Epitecus said, "Let silence be the general rule, or let only what is necessary be said, and in few words." The idea is to avoid chattering. Mental balance and focus is critical in survival situations.

"If you get a lucky break really use it. You have to fight like a bastard." Says one survivor. Other use other mantras repeated, to help survival mentality.

Last thing: be cool.

George Parkanyi writes:

In late October 1999 I went into a cold river and pulled someone out who had jumped off a bridge. Luckily her winter clothing had kept her afloat, and as it turns out thankfully the rescue was not all that difficult. . When I saw her shadow floating in the dark under the bridge, I remember thinking she could sink at any time, and for all I knew she was already dead. She'd been in the water at least 5-7 minutes. (I had run from the nearby video store to see what was going on when someone rushed in to call 911.) I quickly threw off my coat, sweater, and shoes so I'd have something dry to come back to, said a split-second prayer, and waded in. Then time slowed down — and I felt more like a detached observer. It was like something or someone else had taken over and was driving, and I was just watching it happen. I don't remember feeling the cold.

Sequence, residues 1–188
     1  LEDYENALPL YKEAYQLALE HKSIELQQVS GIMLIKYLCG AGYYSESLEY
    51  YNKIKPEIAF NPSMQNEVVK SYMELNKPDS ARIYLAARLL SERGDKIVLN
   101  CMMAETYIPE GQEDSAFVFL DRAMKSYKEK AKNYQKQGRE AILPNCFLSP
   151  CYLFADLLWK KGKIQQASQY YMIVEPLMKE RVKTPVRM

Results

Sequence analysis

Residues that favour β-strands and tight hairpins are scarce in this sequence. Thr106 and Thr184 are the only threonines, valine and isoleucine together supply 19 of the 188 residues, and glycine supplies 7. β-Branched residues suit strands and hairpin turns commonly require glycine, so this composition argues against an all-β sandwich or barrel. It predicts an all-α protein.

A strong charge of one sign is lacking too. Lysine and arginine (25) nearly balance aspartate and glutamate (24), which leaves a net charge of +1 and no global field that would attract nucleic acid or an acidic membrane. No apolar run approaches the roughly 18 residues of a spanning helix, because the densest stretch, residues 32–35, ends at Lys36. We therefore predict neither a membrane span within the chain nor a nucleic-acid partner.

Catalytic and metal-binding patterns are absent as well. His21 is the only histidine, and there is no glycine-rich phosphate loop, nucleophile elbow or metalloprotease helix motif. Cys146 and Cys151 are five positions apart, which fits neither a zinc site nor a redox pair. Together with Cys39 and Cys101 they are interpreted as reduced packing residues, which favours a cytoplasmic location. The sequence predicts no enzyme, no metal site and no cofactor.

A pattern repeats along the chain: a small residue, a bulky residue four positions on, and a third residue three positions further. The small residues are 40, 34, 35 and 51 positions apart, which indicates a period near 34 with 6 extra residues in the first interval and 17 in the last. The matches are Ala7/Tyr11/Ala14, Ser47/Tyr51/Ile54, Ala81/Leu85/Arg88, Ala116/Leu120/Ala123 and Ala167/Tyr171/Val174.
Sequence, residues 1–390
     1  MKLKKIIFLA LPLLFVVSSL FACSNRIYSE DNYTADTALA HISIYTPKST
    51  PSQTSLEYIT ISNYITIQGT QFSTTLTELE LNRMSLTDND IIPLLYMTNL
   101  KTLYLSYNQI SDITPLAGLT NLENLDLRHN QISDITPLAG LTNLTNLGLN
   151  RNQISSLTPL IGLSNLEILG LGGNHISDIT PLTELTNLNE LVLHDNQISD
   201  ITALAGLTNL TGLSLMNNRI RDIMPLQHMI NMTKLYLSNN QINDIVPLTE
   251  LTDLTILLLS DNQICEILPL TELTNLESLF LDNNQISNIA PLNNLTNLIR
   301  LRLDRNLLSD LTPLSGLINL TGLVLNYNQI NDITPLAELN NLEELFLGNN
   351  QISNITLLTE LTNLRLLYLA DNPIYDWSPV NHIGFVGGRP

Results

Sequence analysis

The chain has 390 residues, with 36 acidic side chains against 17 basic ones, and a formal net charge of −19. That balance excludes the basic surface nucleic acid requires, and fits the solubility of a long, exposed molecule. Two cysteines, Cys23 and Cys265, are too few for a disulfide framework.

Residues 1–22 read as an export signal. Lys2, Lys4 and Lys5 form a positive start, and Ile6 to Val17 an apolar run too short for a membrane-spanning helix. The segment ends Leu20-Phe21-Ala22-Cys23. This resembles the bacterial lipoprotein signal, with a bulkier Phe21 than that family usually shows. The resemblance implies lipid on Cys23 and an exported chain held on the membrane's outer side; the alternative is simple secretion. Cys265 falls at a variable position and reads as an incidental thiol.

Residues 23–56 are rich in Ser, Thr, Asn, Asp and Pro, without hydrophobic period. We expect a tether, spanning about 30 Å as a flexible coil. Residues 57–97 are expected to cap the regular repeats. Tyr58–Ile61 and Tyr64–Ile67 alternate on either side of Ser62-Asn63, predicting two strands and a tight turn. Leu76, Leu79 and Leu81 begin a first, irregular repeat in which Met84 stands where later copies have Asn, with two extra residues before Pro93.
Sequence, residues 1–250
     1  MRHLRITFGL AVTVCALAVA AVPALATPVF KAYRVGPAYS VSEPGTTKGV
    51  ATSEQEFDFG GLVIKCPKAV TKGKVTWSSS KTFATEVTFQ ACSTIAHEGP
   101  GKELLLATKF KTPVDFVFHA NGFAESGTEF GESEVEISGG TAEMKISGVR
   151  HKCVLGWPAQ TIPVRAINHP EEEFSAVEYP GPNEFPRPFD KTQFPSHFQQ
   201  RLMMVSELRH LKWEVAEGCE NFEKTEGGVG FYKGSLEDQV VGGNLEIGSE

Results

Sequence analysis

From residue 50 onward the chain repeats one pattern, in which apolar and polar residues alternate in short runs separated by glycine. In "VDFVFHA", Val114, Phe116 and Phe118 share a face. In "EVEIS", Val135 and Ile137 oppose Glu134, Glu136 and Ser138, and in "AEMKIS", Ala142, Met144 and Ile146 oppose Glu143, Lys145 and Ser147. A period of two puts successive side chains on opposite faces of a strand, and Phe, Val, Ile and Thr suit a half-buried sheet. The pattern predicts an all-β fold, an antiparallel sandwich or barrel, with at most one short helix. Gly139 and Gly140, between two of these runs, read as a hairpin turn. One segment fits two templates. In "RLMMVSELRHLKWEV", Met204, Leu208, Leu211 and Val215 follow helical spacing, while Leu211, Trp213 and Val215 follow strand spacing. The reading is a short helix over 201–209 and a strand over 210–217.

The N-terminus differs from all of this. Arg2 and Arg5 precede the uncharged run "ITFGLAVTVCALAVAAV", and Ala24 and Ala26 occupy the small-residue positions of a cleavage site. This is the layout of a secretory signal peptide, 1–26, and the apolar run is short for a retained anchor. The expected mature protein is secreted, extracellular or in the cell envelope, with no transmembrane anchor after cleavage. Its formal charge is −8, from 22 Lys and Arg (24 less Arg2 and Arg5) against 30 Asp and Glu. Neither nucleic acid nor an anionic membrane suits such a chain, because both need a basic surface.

When I reached her, surprisingly she was still afloat, face-up and conscious. I was up to my chin in water but didn't have to swim. I introduced myself with "Hi I'm George. I'll be your rescuer for this evening. What's your name?" "Nobody", she murmured — par for the course I suppose as she was trying to kill herself. So I grabbed her coat and literally just towed her in. I heaved her onto shore and threw my coat over her, but about half a minute later the firefighters and paramedics arrived and took over.

Before then, I never knew what I'd do in that situation, or what it would be like. As Jim says, the mind really does go into a totally different state. And I think it starts at the point where you've fully committed yourself. But before I went in I did make some quick calculations; perhaps 30 seconds worth — help would be on its way, I was a strong swimmer, pretty cold water, shoes off, need something dry later, how much time to get there, how much time would she have, how much time would I have. So the rational mind is still key.

The one funny thing about that night was the look the video store clerk's face when I sloshed back into the store all wet and finished renting my video.

Russ Sears writes:

Just today, I was thinking about what makes US strong is that we all face the "prisoners' dilemma" together, but most of the people I know tend to think of it instead as the "rescuers' dilemma".